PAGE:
‘ROOTS’ dir. Geoff Bellhouse

‘ROOTS’ is an intimate portrait of a single day in the lives of unemployed Jaco, his half sister Natalie and her 5-year-old daughter. Restricted to their shared flat and caught in the middle of a summer heat wave, Jaco must take care of the young girl whilst Natalie goes out to work.

Writer-Director: Geoff Bellhouse
Producer: Emily O’Connor
DOP: David Procter
Key Cast: Kyle Hill, Leanne Davis, Brady Kelly-Weekesew


C8: Where did the idea for ‘ROOTS’ come from?

GB: I wanted to make a story about a family. And then I watched an old interview with Method Man where he said this line: “Do you know how it feels to be the voice of a million people that can’t be heard.” And this line stuck with me and I realised this family I was writing about had to represent something. For me that was an everyday family, living quite anonymously but who have their own internal problems to deal with and figure out.

And of course it’s about where you come from and about caring for our next generation – to realise the importance of nurturing and taking care of what is the future.

C8: You achieve naturalistic performances in ‘ROOTS’. How did you work with your cast?

GB: With ‘ROOTS’ I didn’t t audition but I approached the two adult actors off the basis of their previous works. Both have a lot of natural realism in their portfolios already so it was really about trying to reassess those qualities in the situation of my story. I didn’t focus heavily on character background, as I wanted to capture the immediacy of the situation. They also didn’t know what was going on in the scenes they didn’t feature in. That way we managed to focus on the physicality of the moment they were in. The rest is down to them.

C8: How did you work with Director of Photography David Procter to achieve your vision?

GB: When you work with someone like Dave who is a great director of photography its really comforting to know and be able trust every aspect of his work. This really helped me, as similar to the approach to the actors I wanted to keep this element of freshness in the scenes. Rather than having a precise storyboard we had concepts of the every shot, and we planned what they would be. And then we worked with the actors using their space and movements to justify the camera work. We also tried to capture as much as possible in single shots.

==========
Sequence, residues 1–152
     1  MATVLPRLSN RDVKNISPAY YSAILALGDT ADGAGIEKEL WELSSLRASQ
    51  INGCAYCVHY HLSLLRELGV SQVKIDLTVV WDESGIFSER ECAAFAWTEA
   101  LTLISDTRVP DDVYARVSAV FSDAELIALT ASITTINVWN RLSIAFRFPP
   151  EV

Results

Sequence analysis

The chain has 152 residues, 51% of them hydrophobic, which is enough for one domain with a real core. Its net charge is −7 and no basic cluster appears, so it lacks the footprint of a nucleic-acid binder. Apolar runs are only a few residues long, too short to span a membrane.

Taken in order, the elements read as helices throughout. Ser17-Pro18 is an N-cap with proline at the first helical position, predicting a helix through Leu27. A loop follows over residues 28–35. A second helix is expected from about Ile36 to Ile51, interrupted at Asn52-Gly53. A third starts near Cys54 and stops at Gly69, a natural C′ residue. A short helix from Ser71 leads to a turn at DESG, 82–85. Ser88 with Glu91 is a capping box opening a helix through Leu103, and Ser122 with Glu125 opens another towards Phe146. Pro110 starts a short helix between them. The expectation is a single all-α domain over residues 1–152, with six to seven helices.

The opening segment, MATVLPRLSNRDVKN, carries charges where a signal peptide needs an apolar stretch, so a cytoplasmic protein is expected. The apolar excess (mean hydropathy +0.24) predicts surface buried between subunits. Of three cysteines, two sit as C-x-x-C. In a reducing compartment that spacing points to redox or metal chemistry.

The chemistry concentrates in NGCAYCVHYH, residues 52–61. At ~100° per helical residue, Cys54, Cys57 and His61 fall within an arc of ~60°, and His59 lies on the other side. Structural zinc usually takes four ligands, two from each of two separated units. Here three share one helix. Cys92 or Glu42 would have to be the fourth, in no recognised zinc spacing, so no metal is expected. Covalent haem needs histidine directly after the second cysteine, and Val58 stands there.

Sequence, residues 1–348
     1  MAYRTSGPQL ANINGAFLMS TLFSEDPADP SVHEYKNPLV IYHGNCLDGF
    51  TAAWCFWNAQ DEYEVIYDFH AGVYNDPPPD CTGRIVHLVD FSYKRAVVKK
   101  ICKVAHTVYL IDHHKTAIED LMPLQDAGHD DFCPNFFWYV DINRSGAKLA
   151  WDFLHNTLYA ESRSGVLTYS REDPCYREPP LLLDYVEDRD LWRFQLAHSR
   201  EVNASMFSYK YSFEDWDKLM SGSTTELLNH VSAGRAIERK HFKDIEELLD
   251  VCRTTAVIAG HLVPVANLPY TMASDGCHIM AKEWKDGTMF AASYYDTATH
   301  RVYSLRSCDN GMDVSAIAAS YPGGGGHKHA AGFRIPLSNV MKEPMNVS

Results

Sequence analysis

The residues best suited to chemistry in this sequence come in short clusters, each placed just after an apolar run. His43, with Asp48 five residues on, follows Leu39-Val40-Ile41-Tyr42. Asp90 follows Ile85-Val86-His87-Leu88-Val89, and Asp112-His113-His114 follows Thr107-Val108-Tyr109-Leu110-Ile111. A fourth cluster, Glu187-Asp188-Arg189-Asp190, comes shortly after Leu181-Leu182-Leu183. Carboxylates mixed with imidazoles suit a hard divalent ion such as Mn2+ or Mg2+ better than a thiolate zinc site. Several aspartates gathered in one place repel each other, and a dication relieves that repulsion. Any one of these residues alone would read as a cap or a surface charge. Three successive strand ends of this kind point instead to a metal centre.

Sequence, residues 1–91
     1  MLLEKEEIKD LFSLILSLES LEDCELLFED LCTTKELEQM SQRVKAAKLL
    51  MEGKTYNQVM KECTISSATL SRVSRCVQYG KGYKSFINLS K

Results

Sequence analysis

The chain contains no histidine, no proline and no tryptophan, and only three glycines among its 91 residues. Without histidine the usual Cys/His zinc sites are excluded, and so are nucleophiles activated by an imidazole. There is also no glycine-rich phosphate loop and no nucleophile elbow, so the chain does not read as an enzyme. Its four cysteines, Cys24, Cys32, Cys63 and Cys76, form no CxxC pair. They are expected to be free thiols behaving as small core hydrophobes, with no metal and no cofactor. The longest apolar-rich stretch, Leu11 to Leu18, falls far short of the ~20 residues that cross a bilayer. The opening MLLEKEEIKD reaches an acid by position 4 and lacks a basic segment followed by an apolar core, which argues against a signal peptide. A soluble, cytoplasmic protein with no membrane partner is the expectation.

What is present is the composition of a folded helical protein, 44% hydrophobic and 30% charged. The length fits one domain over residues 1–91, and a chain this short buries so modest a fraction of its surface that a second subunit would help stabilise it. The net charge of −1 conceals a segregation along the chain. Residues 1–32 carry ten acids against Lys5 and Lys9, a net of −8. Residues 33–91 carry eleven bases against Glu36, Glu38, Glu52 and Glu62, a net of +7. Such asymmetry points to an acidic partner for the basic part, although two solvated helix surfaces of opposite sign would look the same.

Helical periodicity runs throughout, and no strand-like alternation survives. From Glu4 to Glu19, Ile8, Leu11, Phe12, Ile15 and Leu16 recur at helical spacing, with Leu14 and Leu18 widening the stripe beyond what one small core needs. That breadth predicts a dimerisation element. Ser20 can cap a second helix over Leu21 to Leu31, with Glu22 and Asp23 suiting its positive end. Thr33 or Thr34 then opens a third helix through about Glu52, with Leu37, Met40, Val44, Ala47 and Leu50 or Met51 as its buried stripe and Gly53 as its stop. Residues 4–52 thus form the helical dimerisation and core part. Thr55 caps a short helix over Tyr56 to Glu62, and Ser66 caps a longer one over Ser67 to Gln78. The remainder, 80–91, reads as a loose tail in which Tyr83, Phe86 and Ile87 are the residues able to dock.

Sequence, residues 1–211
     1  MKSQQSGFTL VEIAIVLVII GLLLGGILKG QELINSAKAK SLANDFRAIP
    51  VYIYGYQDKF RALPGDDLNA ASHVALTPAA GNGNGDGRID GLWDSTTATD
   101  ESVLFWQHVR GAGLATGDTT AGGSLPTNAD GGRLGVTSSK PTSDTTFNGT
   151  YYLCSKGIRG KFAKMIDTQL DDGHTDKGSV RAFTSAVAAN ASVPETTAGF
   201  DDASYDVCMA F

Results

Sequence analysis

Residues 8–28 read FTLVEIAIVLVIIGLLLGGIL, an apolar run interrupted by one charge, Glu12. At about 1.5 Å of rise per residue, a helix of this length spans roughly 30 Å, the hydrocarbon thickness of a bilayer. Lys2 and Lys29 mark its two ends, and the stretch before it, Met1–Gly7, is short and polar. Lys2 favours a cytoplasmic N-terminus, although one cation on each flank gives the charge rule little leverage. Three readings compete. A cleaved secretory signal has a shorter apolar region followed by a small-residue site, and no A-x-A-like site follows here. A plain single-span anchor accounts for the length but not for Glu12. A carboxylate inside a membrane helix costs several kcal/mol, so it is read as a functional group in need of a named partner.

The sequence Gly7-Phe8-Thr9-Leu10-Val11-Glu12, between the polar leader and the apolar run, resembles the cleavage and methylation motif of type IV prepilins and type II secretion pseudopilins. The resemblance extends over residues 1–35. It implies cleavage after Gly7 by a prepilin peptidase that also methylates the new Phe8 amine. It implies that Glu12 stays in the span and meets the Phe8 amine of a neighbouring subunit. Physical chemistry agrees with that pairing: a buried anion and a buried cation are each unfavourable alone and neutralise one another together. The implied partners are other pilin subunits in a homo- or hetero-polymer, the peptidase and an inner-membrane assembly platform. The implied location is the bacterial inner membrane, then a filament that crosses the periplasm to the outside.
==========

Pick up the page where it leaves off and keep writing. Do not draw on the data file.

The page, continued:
C8: Are there any influences from film, art, or photography that you had in mind while making the film?

GB: Inarritu and the Dardenne brothers were the main influences really for me when I was making the project.

C8: How does ‘ROOTS’ stand up against what you originally envisioned?

GB: From initial concept to the day we wrapped shooting was only about six weeks. We also had just two shooting days where we had to cut some scenes, so of course the film is slightly different to how I first imagined it. That said I’m super proud of what the team achieved – it was a full on collaboration with everyone really stepping in to help. Then to premiere the film at the BFI London Film Festival was such a great way to celebrate all the hard work achieved by the team.

C8: ‘ROOTS’ was your fourth short film. What had your learned previously that helped you?

GB: I think in some of my earlier works I was still trying to experiment with things and find my own way of telling stories. Since ‘ROOTS’ I’m much more comfortable with how I want to do things and the style and manner in which I approach each project.

C8: You attended the Septima Ars Film School in Madrid, Spain. Do you feel that you have been particularly influenced by Spanish films?

GB: My film education begins with Spanish cinema, particularly the films that were being made during and just after the Franco era. All art forms in this period were regulated by extreme censorship so stories had to be told in subtle but intelligent ways. I was particularly drawn to their politics and sensitivities around the subjects on screen. Going to film school in Madrid and making projects with similar minded students only went to enhance that feeling.

C8: How do you go about scriptwriting. Do you have a specific process or does it change with each project?

GB: Every project is pretty much the same. Once I have the first thought or idea for a beginning scene I just write – no planning or plotting. This allows me to discover the story and the characters as they emerge on paper. I’ll try and write as much as possible on that first day and once that is done I can go back and edit it.

C8: Is there any advice you would give to emerging filmmakers?

GB: I think just to be honest with your own work is a big starting point. And try and surround yourself with good people who you can trust for feedback and contrasting opinions on your work. The beginning really should be the most fun, experimental and creative.

C8: What, do you think, is the essence of a good collaboration?

GB: Film is naturally a collaborative medium. But for me when that works well, it’s because everyone involved is willing to go that extra mile without any self or personal gain. It’s incredible how many people I know working in the UK film industry that are prepared and wanting to do that. It’s a very comforting feeling.

C8: What is next for Geoff Bellhouse? Any exciting projects lined up?

GB: Well, my latest short film ‘ANITA’, which is supported by Film London is currently doing the rounds on the festival circuit so I’ll be interested to see how that progresses. I’ve also spent the last few months developing another short film and a treatment for what I hope to be my first feature.